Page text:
The news media are working hard to believe Labour has changed tack over the Government’s latest ‘Welfare’ Bill, after a rebellion by MPs – but has it?
It seems the party’s leaders have tabled an amendment to the Bill, saying what Labour will support and what it won’t – but child tax credits, the issue on which Parliamentary Labour Party members rebelled, is not mentioned at all.
Instead, it opposes the abolition of child poverty targets and cuts to Employment and Support Allowance.
Meanwhile, shadow ‘welfare’ minister Helen Goodman has tabled an amendment of her own, supported by more than 40 of her fellow Labour MPs, calling for the Conservative Welfare Bill to be rejected in its entirety.
Vox Political urges Labour MPs to support Ms Goodman’s amendment, rather than Ms Harman’s.
Interim leader Harriet Harman had initially proposed that Labour should abstain, rather than voting on the ‘Welfare’ Bill. This would ensure that the Conservative cuts are passed in their entirety.
Defending this proposal, she said on Sunday that, having been defeated in two general elections, Labour could not adopt “blanket opposition” to the proposed changes. This is a false argument. It assumes that the voting public avidly supports the removal of public money from people who need it. When was this proved?
Only 23 per cent of the electorate supported the Conservative Party at the election; 76 per cent opposed its policies. The vast majority of the UK population is against the Tory proposals. Labour MPs should bear that in mind – constantly.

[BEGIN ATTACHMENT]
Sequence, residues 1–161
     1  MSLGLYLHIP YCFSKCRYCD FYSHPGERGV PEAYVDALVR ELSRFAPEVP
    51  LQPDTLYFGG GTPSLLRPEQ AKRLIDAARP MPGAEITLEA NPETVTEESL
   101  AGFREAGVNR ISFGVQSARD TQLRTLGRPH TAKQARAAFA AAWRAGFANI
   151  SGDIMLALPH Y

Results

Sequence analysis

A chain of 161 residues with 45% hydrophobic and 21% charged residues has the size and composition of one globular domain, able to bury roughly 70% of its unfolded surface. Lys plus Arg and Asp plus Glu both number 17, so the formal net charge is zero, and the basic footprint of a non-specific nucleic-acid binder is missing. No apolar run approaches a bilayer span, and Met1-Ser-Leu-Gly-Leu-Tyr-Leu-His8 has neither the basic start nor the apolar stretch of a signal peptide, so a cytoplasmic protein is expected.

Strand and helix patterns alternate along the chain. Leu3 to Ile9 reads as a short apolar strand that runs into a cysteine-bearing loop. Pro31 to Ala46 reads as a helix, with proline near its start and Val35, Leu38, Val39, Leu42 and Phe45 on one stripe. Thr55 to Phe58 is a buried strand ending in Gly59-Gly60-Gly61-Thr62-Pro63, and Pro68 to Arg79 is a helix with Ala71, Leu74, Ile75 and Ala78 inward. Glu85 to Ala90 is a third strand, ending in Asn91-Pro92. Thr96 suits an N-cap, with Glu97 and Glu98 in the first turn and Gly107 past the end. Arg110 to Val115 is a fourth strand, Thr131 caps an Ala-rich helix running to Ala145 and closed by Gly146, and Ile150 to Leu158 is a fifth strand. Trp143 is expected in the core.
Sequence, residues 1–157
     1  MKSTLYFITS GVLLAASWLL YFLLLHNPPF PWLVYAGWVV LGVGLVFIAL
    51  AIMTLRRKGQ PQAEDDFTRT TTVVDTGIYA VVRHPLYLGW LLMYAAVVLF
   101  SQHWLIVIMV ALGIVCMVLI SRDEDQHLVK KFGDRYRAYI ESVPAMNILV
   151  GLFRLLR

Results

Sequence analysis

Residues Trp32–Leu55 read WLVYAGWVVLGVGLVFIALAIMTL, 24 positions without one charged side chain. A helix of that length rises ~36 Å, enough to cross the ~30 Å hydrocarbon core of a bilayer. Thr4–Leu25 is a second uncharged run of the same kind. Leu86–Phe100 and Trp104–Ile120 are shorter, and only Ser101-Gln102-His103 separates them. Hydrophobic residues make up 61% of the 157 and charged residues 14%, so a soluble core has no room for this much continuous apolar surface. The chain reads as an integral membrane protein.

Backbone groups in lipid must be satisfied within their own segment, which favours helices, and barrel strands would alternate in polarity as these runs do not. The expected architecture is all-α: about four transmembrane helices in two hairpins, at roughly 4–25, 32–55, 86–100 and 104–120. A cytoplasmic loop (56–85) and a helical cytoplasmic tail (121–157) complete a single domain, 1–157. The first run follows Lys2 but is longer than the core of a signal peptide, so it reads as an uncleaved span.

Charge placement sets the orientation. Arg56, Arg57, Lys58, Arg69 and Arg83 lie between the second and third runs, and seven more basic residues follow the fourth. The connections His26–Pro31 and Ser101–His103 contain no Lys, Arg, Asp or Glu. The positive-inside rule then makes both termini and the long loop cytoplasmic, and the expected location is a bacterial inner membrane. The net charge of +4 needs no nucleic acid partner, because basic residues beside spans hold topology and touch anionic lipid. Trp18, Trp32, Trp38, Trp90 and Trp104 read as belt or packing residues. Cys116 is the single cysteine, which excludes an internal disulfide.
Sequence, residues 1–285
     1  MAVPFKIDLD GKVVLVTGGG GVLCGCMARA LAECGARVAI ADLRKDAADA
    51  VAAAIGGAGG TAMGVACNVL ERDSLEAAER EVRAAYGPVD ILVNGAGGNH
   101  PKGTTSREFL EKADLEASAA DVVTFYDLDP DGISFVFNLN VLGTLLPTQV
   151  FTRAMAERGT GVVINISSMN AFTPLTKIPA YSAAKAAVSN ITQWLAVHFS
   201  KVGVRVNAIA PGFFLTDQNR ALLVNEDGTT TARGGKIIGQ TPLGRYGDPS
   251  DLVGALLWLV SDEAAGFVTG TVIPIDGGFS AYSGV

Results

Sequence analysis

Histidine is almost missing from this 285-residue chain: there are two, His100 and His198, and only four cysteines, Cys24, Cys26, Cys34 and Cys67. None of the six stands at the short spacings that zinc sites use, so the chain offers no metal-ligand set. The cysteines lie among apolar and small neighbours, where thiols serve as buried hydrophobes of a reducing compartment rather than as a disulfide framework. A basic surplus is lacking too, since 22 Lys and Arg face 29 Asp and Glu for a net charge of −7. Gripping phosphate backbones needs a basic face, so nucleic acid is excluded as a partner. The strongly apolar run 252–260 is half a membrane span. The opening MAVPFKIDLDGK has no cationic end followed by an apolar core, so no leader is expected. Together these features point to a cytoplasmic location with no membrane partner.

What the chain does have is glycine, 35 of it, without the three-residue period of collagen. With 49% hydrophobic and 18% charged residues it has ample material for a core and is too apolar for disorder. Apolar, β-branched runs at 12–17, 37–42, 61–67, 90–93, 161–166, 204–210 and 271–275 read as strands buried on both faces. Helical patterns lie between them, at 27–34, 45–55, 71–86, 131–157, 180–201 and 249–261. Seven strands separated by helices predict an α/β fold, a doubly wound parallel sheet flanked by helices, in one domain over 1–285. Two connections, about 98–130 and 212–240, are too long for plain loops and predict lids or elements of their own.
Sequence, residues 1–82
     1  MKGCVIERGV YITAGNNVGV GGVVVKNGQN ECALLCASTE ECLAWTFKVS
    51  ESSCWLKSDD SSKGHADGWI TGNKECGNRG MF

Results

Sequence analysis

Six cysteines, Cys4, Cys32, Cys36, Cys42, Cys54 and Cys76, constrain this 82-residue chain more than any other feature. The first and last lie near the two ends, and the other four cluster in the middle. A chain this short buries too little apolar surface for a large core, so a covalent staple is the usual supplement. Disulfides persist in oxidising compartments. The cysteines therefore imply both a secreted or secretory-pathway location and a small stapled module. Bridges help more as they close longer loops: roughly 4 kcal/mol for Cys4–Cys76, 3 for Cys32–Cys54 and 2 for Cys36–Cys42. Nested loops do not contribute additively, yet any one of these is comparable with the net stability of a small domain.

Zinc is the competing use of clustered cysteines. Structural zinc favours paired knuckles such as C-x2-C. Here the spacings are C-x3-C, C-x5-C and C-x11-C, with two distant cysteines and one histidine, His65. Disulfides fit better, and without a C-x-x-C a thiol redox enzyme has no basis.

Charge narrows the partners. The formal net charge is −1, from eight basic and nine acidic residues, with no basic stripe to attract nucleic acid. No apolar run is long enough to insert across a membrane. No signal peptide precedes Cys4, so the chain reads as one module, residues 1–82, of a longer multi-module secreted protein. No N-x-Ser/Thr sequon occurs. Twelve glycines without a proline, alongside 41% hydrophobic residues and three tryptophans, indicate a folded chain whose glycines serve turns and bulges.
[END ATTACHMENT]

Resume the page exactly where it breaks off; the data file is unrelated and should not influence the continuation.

Look at the words Harriet Harman used to justify her abstention call: “We’re not going to do blanket opposition because we’ve heard all around the country that whilst people have got concerns, particularly about the standard of living for low income families in work, they don’t want just… blanket opposition to what the government are proposing on welfare.”
So her solution is to let the Conservative Government pass legislation that will reduce the standard of living for those families? It doesn’t make sense.
If Labour’s vote on the ‘Welfare’ Bill is divided, perhaps that is what the party needs. It will show a public that mostly despises the Conservatives and the selfish changes they have imposed – which divert money from the poor who need it to the rich who don’t – that there are some members of Her Majesty’s Loyal Opposition who do still oppose Conservative neoliberalism.
It will also show the Labour Party that the way forward is to ditch the silly idea of ‘triangulation’ that suggests the Opposition party should support government policies, because making yourself like your opponent makes you more electable. This is silly, childish nonsense.
It also proves a well-used saying that it is madness to keep doing the same thing and expect a different result. Labour tried it in 2010 and again in 2015. It didn’t work.
Time to do what Labour’s supporters – especially those who have drifted away, thinking the party was too much like the Tories – want.
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